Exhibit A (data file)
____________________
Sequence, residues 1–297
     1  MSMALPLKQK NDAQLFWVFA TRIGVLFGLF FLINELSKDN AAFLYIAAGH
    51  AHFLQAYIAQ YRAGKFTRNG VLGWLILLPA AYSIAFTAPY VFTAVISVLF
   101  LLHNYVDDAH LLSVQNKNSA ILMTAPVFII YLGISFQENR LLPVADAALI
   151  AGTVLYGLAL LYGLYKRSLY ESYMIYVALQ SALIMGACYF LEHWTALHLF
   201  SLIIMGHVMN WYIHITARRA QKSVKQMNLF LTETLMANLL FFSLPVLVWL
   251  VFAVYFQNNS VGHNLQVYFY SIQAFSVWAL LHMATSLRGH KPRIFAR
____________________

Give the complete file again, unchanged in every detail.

Sequence, residues 1–297
     1  MSMALPLKQK NDAQLFWVFA TRIGVLFGLF FLINELSKDN AAFLYIAAGH
    51  AHFLQAYIAQ YRAGKFTRNG VLGWLILLPA AYSIAFTAPY VFTAVISVLF
   101  LLHNYVDDAH LLSVQNKNSA ILMTAPVFII YLGISFQENR LLPVADAALI
   151  AGTVLYGLAL LYGLYKRSLY ESYMIYVALQ SALIMGACYF LEHWTALHLF
   201  SLIIMGHVMN WYIHITARRA QKSVKQMNLF LTETLMANLL FFSLPVLVWL
   251  VFAVYFQNNS VGHNLQVYFY SIQAFSVWAL LHMATSLRGH KPRIFAR